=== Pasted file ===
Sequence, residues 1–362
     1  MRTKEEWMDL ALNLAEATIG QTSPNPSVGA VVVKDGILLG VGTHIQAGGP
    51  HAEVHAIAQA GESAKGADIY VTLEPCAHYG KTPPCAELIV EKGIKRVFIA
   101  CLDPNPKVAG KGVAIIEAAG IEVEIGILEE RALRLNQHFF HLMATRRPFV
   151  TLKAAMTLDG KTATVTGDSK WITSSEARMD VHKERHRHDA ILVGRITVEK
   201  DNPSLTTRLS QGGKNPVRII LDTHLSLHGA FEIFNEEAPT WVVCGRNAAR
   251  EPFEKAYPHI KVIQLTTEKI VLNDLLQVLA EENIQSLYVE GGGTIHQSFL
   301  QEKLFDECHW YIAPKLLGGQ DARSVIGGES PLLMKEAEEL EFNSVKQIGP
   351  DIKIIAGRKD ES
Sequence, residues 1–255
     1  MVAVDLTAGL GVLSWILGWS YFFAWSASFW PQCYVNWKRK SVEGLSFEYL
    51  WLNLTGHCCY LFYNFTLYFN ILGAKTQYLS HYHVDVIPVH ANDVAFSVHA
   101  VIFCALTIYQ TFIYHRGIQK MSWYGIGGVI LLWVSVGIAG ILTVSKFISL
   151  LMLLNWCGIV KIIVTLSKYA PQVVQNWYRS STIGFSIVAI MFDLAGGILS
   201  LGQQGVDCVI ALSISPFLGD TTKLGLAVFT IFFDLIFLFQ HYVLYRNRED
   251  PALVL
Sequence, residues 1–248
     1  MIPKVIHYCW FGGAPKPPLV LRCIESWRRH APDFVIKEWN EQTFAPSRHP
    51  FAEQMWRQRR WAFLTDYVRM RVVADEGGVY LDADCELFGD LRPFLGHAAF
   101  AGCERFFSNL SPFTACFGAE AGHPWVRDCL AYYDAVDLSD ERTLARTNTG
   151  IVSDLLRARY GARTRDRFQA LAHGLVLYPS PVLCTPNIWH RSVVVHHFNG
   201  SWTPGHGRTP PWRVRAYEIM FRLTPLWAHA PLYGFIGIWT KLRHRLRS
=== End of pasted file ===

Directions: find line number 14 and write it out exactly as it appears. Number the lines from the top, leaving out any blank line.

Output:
   151  LMLLNWCGIV KIIVTLSKYA PQVVQNWYRS STIGFSIVAI MFDLAGGILS